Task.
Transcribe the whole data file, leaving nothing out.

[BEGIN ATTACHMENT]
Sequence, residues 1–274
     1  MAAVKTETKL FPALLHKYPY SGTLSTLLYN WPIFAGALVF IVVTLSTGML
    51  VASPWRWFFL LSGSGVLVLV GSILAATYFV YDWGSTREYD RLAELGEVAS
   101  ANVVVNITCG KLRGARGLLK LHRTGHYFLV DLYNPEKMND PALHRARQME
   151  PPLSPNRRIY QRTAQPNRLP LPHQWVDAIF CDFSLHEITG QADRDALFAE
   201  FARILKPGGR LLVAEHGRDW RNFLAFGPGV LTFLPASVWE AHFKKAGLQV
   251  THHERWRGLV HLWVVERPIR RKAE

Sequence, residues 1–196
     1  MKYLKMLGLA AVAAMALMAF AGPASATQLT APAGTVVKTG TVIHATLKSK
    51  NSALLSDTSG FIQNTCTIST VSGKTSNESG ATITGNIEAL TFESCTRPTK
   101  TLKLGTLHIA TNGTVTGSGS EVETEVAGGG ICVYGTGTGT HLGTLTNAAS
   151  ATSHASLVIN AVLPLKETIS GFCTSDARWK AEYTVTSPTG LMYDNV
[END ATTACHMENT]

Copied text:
Sequence, residues 1–274
     1  MAAVKTETKL FPALLHKYPY SGTLSTLLYN WPIFAGALVF IVVTLSTGML
    51  VASPWRWFFL LSGSGVLVLV GSILAATYFV YDWGSTREYD RLAELGEVAS
   101  ANVVVNITCG KLRGARGLLK LHRTGHYFLV DLYNPEKMND PALHRARQME
   151  PPLSPNRRIY QRTAQPNRLP LPHQWVDAIF CDFSLHEITG QADRDALFAE
   201  FARILKPGGR LLVAEHGRDW RNFLAFGPGV LTFLPASVWE AHFKKAGLQV
   251  THHERWRGLV HLWVVERPIR RKAE

Sequence, residues 1–196
     1  MKYLKMLGLA AVAAMALMAF AGPASATQLT APAGTVVKTG TVIHATLKSK
    51  NSALLSDTSG FIQNTCTIST VSGKTSNESG ATITGNIEAL TFESCTRPTK
   101  TLKLGTLHIA TNGTVTGSGS EVETEVAGGG ICVYGTGTGT HLGTLTNAAS
   151  ATSHASLVIN AVLPLKETIS GFCTSDARWK AEYTVTSPTG LMYDNV